October 24, 2012 – Sintra, Portugal

Today started out quite rainy. When we got to Sintra it was really pouring. We were looking to visit the Palacio Pena and it turned out we were in the wrong place. Rather than dodge raindrops again we decided to tour the National Palace built in the early 15th century. Later in the day we found the Palacio Pena and took a tour of that as well. Here are pictures, first of the National Palace and then of the Palacio Pena.

The National Palace might be called the Palace of ceilings. This room is called the swan room…

because the ceiling is covered with swans.

Here’s John swanning about by the fireplace.

Next we pass the water grotto. Actually today almost any space outside is a water grotto.

Next is the magpie room because…

the ceiling is covered with magpies.

Here’s the Gold Chamber. It has a king-size bed made for an actual king!

Then there’s the mermaid room with mermaids on the ceiling.

This is the Galleon Room with ships painted on its interesting barrel ceiling.

Here are two of the ships on the ceiling of the Galleon Room. John points out that the flag on the righthand ship has a flag like the modern flag of Turkey (but Turkey didn’t exist when the room was decorated.)

John has just smacked his head on a low lintel but he continues to take notes. This is the Coat-of-Arms ceiling. John is happy that this ceiling is vaulted.

We continue along through many sumptuous rooms and finally end up in the kitchen.

They are obviously cooking for a crowd.

It has stopped raining as we finish our tour of the National Palace. We decide to continue our original quest and find the Palacio Pena. We drive up and up to the top of a high hill. Along the way we pass many folks tramping up the hill. We decide they must be Germans. We park as close to the top as we can. What’s this? For 2 Euros each we can get a bus the rest of the way? Why, yes, we will buy those tickets along with an audio tour of the Palacio Pena.

By this time it is around 2 PM. We decide to avoid the bad food at lunch problem by not eating. 🙁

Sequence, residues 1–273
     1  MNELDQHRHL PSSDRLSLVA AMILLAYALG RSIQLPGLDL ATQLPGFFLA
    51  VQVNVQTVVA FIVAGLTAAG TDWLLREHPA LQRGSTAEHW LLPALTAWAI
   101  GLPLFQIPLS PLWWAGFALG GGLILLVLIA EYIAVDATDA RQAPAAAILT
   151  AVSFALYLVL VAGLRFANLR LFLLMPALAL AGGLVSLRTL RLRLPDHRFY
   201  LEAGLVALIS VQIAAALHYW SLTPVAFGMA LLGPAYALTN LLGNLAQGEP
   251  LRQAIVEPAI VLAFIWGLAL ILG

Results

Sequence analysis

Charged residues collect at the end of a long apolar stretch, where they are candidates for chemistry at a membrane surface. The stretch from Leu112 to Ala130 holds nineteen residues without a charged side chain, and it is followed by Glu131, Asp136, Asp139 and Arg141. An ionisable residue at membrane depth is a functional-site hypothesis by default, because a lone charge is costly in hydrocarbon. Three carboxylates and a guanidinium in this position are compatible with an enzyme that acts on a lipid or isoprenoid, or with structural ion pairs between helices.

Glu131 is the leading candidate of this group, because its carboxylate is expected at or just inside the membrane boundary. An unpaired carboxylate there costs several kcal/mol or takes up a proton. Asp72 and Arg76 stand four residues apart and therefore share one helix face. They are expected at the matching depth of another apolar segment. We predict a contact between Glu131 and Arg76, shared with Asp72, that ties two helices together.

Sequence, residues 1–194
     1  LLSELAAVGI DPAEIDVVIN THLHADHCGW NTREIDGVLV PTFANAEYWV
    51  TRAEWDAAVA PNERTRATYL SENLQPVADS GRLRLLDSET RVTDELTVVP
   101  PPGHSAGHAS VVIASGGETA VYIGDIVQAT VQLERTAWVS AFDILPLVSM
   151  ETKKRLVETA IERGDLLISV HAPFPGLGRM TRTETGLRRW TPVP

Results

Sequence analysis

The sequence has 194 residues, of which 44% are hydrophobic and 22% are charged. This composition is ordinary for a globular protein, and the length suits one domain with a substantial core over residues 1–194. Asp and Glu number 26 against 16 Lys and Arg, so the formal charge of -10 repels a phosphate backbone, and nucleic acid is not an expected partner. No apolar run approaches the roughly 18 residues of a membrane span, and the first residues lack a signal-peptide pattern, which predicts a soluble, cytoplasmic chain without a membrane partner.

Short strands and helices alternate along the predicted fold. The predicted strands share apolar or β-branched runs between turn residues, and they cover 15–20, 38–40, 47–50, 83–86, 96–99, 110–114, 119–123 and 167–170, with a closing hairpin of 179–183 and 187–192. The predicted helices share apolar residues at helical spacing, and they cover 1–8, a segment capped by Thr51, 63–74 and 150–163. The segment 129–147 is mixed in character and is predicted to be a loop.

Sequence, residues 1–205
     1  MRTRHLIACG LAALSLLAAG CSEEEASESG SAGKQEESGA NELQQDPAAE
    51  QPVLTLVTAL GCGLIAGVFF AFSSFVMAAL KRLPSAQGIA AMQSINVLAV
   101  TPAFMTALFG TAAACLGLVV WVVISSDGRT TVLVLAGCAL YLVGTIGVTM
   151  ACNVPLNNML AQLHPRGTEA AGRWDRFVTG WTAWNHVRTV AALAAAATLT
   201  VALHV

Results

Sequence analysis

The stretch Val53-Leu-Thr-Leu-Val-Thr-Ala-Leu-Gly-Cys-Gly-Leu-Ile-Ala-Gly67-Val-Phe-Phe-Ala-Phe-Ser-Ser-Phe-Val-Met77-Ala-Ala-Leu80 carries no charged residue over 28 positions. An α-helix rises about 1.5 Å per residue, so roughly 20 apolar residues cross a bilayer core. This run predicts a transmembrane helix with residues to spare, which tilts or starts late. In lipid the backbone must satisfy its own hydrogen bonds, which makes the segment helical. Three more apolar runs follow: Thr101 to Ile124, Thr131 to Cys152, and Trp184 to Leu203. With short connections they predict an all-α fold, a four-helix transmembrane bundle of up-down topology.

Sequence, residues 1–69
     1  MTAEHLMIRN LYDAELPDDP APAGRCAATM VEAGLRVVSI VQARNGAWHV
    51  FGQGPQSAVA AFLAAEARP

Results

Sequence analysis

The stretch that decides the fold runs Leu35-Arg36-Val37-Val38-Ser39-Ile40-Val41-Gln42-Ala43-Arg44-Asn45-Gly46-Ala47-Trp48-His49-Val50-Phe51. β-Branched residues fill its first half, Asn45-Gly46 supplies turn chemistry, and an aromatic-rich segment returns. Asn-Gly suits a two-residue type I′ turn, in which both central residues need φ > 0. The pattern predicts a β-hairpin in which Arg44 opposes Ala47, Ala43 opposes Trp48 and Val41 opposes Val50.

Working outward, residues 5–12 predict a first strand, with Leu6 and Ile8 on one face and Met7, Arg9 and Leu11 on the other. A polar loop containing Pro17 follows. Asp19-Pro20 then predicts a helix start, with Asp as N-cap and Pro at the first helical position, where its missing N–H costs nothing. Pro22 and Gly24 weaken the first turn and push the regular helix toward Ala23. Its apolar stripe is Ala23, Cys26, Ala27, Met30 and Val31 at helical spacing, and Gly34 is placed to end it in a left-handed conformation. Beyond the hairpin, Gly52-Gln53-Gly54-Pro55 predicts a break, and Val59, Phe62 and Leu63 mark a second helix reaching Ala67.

The Pena Palace was built in the 19th century by Ferdinand II. It was only occupied by royalty for about 60 years. In 1908 King Carlos I and his son were assassinated. King Carlos’s other son was only king for two years before the republic of Portugal was declared. The palace itself evokes a feeling of Neuschwanstein in Germany, kind of a crazy quilt of turrets and tile. No pictures were allowed inside.

Approaching Palacio Pena

Entrance to the Palacio

John on the rampart looking toward the Moorish ruins
The triton, a transitional figure between sea and earth

A view of Palacio Pena

We are looking forward to dinner tonight. Our plan is to have some bar snacks and a couple of tapas plates. This works out fine except for the fact that the World Real Estate Agents have taken over the bar. They appear to all be American. The waiter in the bar leads us to the dining side of the floor since it is much quieter there. He calls us by name. That’s really nice. We were only in the bar one night and only ordered wine and tapas. We order a glass of champagne to celebrate our last night in Portugal and tapas. Portugal has been scenic and interesting from a historical point of view. We only wish that either we had ordered better or that the food that we ordered had been better. One stop tomorrow in Portugal and then on to Spain.

This has been a great hotel. One more shot of the stormy Atlantic Ocean off our balcony.

Atlantic Ocean waves crashing on the rocks in Cascais, Portugal

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